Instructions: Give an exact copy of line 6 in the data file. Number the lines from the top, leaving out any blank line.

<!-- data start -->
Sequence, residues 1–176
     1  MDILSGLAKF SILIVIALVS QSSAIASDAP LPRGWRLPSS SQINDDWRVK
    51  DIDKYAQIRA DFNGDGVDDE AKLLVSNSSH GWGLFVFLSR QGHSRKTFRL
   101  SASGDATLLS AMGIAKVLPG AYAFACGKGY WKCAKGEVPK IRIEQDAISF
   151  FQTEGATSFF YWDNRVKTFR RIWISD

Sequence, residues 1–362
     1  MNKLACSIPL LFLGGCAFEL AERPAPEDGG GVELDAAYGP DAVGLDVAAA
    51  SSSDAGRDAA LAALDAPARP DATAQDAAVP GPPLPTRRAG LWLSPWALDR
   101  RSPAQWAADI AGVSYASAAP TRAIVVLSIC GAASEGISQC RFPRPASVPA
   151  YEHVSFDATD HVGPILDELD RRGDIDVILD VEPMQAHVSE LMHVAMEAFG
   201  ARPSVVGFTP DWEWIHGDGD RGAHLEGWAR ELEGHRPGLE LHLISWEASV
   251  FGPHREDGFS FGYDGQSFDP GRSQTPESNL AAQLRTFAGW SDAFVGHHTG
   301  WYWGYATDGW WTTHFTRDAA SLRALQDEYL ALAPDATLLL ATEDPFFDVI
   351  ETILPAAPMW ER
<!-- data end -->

Sequence, residues 1–362